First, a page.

sunny 27 °C
View Thomas's Great Adventure on edandsuet's travel map.

Monks, Luang Prabang

Monks, Luang Prabang


While the view from the balcony of our new guest house was a sobering reminder that most locals live a basic existence in squalid surroundings amongst piles of debris and half finished dwellings, it was a relief not to live in fear of opening the bathroom door or having the constant smell of stagnant drains. Our guest house was run by an elderly man who could speak both French and English, had free refillable drinking water and tea/coffee available until 11am. This was absolute luxury.
View from our new guest house that had a decent bathroom in Luang Prabang

View from our new guest house that had a decent bathroom in Luang Prabang

After an inauspicious beginning, UNESCO protected Luang Prabang slowly wove its spell over me. Described as "one of the most alluring places in South East Asia", it is home to 33 gilded wats, dotted with shuttered, faded French villas and sits at the confluence of the Mekong River and Nam Khan. Not that I succumbed to its charms for a few days, first impressions were it was dirty, dusty and blighted by flies. The riverside promenade was a work in progress and was another example of missed potential when Luang Prabang's setting on the river confluence is magical and could be a stunning tourist attraction. Parts were dug up, clogged up as a parking lot for scooters making the pathway impassable or there were broken concrete tiles strewn all over or another patch of dust with random wire or metal objects to trip up on. If only there was a decent path with some benches in the shade.
River Ou, Luang Prabang

River Ou, Luang Prabang

Despite all of this and I can't quite put my finger on why Luang Prabang becomes seductive, but on an afternoon where there is not a cloud in the sky, meandering down shady alley ways or the main street lined with colonial shuttered villas round to the lesser known wats, we could just sit on the steps of a temple watching the sun glinting against the gold stupas and Buddha images. Here there is peace and tranquility, the odd saffron clad monk disappearing into a nearby doorway gives the scene a dreamy, hazy like quality. Before you know it, two hours have passed, the shadows are lengthening and its time for dinner at the riverfront overlooking the Mekong.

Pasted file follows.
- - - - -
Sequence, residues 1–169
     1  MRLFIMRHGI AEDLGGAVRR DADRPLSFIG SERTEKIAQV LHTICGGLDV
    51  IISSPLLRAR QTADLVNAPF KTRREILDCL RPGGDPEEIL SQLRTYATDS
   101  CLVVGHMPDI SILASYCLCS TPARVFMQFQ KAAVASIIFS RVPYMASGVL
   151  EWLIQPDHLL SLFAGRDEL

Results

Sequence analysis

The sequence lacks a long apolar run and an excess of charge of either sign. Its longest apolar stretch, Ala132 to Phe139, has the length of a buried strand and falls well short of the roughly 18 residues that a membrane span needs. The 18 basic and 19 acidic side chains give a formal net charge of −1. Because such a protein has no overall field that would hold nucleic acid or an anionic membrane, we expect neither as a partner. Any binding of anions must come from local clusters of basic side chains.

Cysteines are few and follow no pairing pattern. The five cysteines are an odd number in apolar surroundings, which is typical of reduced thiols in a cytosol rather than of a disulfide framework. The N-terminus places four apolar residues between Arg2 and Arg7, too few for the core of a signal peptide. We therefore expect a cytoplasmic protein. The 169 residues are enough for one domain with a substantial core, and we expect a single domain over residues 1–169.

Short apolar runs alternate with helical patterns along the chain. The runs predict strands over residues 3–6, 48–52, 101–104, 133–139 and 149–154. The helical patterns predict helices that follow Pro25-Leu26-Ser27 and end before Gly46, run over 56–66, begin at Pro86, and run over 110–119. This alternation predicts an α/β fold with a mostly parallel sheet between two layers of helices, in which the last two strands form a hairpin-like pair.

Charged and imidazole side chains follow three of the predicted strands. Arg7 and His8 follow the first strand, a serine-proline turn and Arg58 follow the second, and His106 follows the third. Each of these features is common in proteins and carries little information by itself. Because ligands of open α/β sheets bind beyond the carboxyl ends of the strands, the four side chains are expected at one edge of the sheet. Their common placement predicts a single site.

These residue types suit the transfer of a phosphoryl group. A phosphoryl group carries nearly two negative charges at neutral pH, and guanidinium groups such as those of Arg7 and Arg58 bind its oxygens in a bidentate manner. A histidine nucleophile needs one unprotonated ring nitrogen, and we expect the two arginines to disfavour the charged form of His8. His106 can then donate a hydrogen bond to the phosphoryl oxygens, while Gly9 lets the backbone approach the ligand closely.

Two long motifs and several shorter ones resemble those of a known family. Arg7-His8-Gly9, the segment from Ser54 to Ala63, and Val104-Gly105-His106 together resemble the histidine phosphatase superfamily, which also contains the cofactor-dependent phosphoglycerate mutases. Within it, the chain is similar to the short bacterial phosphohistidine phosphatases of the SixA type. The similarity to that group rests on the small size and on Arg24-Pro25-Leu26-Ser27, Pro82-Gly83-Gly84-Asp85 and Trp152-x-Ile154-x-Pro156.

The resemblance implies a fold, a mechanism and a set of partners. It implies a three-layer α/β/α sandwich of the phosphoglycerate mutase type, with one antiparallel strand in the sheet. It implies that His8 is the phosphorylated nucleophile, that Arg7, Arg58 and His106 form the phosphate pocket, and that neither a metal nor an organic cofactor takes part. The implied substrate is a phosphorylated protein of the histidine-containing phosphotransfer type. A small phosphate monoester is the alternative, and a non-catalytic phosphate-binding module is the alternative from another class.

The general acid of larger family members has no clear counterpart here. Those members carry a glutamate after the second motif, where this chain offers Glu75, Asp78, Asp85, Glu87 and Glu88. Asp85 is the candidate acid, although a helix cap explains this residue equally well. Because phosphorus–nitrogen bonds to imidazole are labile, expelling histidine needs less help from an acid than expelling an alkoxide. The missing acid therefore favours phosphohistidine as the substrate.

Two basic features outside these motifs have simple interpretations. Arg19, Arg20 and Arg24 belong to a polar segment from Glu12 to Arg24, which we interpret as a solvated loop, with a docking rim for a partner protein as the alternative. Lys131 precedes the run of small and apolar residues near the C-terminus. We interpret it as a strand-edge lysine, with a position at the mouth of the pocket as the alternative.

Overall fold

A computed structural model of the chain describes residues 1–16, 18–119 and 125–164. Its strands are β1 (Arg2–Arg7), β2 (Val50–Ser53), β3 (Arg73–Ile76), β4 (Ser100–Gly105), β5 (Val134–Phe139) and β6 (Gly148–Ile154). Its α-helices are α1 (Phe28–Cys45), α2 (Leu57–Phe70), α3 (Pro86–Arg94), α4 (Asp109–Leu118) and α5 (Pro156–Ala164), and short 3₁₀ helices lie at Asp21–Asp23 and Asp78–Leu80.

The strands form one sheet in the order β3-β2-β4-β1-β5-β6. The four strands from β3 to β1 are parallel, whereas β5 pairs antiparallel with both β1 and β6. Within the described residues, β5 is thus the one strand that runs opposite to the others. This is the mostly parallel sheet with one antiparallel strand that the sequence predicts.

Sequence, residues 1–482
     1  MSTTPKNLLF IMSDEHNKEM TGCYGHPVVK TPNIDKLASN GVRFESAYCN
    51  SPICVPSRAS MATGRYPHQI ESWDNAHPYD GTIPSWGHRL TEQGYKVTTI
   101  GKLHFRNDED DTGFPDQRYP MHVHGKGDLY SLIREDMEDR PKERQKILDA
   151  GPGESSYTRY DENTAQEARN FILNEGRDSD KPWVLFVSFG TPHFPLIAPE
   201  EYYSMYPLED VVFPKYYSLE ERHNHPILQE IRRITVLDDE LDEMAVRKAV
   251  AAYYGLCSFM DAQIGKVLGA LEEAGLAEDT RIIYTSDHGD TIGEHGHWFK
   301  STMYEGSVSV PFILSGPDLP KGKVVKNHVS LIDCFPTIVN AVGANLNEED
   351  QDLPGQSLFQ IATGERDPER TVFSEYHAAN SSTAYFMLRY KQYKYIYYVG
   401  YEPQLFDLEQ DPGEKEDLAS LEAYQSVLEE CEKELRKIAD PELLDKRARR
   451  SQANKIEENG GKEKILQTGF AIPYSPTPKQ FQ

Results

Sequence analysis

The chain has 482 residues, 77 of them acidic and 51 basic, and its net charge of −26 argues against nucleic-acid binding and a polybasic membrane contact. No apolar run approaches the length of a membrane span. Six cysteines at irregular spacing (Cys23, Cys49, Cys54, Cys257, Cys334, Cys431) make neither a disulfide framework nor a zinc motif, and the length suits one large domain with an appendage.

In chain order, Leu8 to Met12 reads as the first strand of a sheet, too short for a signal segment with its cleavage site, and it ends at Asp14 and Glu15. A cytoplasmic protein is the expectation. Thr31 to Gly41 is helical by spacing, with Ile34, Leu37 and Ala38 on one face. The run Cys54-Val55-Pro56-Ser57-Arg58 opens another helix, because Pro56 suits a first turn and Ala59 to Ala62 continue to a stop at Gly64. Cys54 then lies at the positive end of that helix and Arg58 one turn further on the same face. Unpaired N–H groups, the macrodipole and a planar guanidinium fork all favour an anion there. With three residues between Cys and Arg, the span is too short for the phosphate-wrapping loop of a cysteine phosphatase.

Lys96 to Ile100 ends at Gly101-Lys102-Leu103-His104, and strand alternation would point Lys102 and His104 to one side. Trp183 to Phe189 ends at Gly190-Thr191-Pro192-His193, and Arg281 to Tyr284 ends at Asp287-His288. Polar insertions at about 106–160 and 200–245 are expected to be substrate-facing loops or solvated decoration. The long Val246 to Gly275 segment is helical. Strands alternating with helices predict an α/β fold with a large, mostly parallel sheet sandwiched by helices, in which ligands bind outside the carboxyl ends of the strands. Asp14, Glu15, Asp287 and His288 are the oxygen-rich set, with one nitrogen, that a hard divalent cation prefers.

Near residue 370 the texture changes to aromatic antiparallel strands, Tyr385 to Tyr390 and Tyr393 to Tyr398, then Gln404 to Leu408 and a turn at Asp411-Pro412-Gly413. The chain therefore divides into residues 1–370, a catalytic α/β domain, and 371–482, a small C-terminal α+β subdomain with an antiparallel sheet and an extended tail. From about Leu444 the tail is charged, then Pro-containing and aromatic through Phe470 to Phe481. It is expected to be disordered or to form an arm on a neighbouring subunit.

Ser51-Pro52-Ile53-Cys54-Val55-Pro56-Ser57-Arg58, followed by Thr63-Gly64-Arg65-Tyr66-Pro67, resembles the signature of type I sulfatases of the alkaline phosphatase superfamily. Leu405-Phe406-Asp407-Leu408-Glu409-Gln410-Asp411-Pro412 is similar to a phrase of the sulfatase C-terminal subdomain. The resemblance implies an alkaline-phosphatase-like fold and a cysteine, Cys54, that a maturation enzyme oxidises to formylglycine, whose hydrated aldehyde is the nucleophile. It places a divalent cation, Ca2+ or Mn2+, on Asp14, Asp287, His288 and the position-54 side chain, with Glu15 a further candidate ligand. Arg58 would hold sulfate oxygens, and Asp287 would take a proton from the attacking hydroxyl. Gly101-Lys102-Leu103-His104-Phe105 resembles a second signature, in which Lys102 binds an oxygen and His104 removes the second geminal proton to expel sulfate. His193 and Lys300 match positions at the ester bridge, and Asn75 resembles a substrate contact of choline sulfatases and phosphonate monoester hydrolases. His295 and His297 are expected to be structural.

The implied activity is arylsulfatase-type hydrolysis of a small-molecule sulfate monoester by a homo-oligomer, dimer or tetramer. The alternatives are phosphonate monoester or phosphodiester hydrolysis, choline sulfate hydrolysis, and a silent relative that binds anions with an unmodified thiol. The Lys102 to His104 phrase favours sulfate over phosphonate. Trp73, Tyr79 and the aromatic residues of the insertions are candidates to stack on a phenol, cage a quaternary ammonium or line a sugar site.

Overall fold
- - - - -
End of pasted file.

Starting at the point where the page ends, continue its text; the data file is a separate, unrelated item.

Ceremonial Drum, Wat Souvannapoumaram

Ceremonial Drum, Wat Souvannapoumaram

Monk contemplating, Wat Sensoukharam

Monk contemplating, Wat Sensoukharam


Wat in Luang Prabang

Wat in Luang Prabang


Wat Sensoukharam, Luang Prabang

Wat Sensoukharam, Luang Prabang

Alternatively when its early afternoon we discovered a few benches (a rare find in Luang Prabang overlooking the temporary bamboo bridge built every dry season (which is swept away in wet season). From here, we could leisurely observe a steady stream of monks shaded by golden umbrellas, traversing the bamboo bridge to the wat on the opposite bank, shrouded in vegetation.
Monks crossing the river, Luang Prabang

Monks crossing the river, Luang Prabang

Temporary dry season bamboo bridge over the River Ou

Temporary dry season bamboo bridge over the River Ou

At the morning market for breakfast, we were spoilt for choice: healthy fruit smoothies brimming with ginger and peppermint, savoury or sweet crepes and mammoth over-filled baguettes with an endless array of fillings. The night market was crammed pack with tourists and food stalls offering salted river fish, barbequed chicken, vegetable dumplings and the Lao staple of sticky rice served in a woven pot.
Street Food Stall, Luang Prabang

Street Food Stall, Luang Prabang

Our Lao cookery course was a blast that included cooking lunch and dinner plus a trip to the local market to source ingredients for our dishes including banana flower (used for texture) and woodear fungus. A thoroughly great and tasty way to spend the day - Thomas excelled at being the master chef!
img=https://photos.travellerspoint.com/774428/DSC04051.jpg caption=Thomas is in charge, Lao cookery course]Lunch is served, Luang Prabang salad and chicken noodle dish

Lunch is served, Luang Prabang salad and chicken noodle dish

Time to reproduce these traditional Lao dishes for dinner as demonstrated by the experts

Time to reproduce these traditional Lao dishes for dinner as demonstrated by the experts

Woodear fungus, we would be cooking traditional Lao dishes with this ingredient later

Woodear fungus, we would be cooking traditional Lao dishes with this ingredient later

Banana plant flower, Luang Prabang food market (used in Lao cooking for texture)

Banana plant flower, Luang Prabang food market (used in Lao cooking for texture)

Luang Prabang food market

Luang Prabang food market

Posted by edandsuet 01:06 Archived in Laos Comments (0)

(Entries 1 - 3 of 3) Page [1]